Skip to main page content
Access keys NCBI Homepage MyNCBI Homepage Main Content Main Navigation
. 2016 Jan 21;61(2):287-96.
doi: 10.1016/j.molcel.2015.12.005. Epub 2015 Dec 24.

Mechanism of Archaeal MCM Helicase Recruitment to DNA Replication Origins

Affiliations
Free PMC article

Mechanism of Archaeal MCM Helicase Recruitment to DNA Replication Origins

Rachel Y Samson et al. Mol Cell. .
Free PMC article

Abstract

Cellular DNA replication origins direct the recruitment of replicative helicases via the action of initiator proteins belonging to the AAA+ superfamily of ATPases. Archaea have a simplified subset of the eukaryotic DNA replication machinery proteins and possess initiators that appear ancestral to both eukaryotic Orc1 and Cdc6. We have reconstituted origin-dependent recruitment of the homohexameric archaeal MCM in vitro with purified recombinant proteins. Using this system, we reveal that archaeal Orc1-1 fulfills both Orc1 and Cdc6 functions by binding to a replication origin and directly recruiting MCM helicase. We identify the interaction interface between these proteins and reveal how ATP binding by Orc1-1 modulates recruitment of MCM. Additionally, we provide evidence that an open-ring form of the archaeal MCM homohexamer is loaded at origins.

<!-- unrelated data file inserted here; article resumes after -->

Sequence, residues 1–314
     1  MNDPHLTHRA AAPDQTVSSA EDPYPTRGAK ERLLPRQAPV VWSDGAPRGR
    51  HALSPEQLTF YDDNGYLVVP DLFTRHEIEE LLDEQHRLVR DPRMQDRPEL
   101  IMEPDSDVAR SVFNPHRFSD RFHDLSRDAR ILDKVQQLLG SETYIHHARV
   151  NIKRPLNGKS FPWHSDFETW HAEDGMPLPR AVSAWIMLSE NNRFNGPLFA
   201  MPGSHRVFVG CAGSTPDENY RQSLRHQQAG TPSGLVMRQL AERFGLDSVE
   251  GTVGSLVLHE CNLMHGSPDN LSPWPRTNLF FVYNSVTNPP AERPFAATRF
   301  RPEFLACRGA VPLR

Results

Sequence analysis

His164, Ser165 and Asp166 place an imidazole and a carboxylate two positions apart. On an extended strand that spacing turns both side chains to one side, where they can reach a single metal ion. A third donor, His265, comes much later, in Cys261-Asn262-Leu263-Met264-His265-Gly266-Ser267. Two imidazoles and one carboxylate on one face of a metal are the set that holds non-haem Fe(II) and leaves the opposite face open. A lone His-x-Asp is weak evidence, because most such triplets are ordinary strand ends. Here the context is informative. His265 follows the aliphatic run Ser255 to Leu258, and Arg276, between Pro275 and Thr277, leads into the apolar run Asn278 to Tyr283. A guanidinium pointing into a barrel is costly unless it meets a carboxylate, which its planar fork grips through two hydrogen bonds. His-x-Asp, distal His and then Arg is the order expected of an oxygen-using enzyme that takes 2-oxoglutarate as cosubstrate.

Figures

Figure 1
Figure 1. A Defined System for Origin-Dependent Recruitment of MCM
(A) Coomassie-stained 10% SDS-PAGE gel of 2 μg of purified recombinant Orc1-1 (E147A) and MCM. (B) Association of MCM with immobilized origin DNA in reactions with and without Orc1-1 following low and high salt washes. Proteins were detected by immuno-blotting after SDS-PAGE. Input shows the input MCM only. (C) Cartoon of the organization of oriC1. The grey arrows indicate the ORB consensus elements, the initiation sites mapped in vivo are indicated by black arrows. MCM loading assays were performed with oriC1 derivatives containing point mutations in the ORB elements (8). The remaining intact ORB elements are named. Proteins were detected by immuno-blotting after SDS-PAGE of high salt-stable recruited material. See also Figure S1 and S5.